These innovations stimulated great accelerations in extensive growth. According to a rough estimate, the total human population must have reached 1 million at some time in the Paleolithic, 10 million at the time when agrarization began, 100 million during the first stages of urbanization, 1,000 million at the beginning of industrialization. The next tenfold increase, to 10 billion, is expected to be completed within a few generations. Along with the increase in human numbers, networks of production, transport, and communication have grown worldwide so that the anthroposphere is now truly global. Universal acceptance of a common system of time measurement, based on Greenwich Mean Time, is a telling example of how common standards of orientation are spreading all over the world. At the same time, the inequalities between and within human societies that arose as structural features of advanced agrarian regimes persist in industrial society. Those inequalities now also exert disturbing global pressures, as do imminent ecological problems such as global warming, which are generated by the way in which the anthroposphere is currently expanding.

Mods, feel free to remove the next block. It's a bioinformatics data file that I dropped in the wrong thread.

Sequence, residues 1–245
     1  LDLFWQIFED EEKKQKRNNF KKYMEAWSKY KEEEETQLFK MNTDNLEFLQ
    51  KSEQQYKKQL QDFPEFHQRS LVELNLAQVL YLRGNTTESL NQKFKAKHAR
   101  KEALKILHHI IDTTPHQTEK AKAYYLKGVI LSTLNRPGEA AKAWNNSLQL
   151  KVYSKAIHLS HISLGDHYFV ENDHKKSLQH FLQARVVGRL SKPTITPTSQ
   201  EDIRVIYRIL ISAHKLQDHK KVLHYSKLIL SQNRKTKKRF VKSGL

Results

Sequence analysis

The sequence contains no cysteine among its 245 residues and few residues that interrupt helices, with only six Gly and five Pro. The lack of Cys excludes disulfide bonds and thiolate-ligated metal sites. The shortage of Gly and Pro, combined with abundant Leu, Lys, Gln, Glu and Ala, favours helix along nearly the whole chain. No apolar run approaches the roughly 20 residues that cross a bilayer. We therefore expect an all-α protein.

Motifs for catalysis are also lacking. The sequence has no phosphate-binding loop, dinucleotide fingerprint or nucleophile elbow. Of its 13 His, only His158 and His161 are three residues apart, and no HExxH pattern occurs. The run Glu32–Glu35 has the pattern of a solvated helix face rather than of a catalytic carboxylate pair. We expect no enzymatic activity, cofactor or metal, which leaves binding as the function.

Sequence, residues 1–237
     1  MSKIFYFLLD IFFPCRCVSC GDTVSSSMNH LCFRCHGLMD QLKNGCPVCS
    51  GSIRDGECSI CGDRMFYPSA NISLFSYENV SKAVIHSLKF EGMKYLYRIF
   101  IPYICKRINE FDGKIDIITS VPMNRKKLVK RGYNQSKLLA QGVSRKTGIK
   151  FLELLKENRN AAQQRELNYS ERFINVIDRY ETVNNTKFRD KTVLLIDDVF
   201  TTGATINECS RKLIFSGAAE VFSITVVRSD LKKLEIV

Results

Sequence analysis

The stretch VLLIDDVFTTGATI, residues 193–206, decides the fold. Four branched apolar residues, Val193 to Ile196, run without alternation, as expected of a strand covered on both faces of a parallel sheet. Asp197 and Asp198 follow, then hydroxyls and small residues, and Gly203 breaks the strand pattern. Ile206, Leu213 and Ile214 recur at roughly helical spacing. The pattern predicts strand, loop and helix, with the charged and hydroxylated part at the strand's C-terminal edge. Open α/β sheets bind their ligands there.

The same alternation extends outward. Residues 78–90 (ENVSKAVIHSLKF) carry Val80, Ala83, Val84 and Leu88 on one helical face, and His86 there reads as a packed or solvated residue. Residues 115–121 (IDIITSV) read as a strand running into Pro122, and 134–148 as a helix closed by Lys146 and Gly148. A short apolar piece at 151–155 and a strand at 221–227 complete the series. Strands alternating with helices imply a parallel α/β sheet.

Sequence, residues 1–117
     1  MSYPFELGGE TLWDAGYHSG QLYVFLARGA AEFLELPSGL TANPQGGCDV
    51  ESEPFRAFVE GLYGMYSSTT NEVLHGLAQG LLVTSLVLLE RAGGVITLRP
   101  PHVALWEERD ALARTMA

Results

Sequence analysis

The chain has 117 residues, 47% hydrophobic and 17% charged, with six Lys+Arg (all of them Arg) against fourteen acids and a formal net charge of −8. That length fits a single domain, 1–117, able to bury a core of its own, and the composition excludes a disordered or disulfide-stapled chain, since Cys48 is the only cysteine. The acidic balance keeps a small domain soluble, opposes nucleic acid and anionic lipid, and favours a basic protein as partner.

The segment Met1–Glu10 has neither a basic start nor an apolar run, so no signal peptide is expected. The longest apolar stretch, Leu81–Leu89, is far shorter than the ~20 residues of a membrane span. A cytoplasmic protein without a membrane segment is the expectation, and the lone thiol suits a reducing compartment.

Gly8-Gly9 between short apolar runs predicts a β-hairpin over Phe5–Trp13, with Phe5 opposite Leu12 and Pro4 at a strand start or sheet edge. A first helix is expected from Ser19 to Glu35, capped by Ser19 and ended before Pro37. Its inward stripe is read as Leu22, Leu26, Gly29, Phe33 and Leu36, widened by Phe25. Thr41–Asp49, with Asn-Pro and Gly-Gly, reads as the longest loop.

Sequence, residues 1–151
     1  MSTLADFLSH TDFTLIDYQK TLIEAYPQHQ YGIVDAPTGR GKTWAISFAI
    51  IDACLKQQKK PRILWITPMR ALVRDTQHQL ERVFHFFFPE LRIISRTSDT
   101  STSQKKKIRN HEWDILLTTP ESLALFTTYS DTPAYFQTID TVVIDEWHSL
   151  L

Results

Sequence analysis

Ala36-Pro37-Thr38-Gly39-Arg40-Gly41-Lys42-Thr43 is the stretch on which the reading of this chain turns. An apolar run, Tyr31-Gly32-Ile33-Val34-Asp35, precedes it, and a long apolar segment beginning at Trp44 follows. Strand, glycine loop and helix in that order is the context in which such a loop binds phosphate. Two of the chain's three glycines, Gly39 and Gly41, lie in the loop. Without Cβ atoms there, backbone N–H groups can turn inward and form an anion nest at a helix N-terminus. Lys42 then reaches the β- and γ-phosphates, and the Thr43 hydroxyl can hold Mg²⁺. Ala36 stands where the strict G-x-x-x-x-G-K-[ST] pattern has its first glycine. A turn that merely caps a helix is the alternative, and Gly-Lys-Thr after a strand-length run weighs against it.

Toward a Synthesis
In the eras of agrarianization and industrialization, the anthroposphere gave rise to social regimes that were only indirectly related to the natural environment. The money regime and the time regime may serve as illustrations. Both exemplify how people turned their attention away from the natural environment, and from ecological issues, toward a more purely social aspect of the anthroposphere, represented by the clock and the calendar or the purse and the bank account. Those regimes thus supported the illusion that the anthroposphere is autonomous. That illusion was furthered by the concomitant intellectual tendency to separate the social sciences from the natural sciences and to cultivate discrete and seemingly autonomous social-science disciplines, such as psychology and sociology.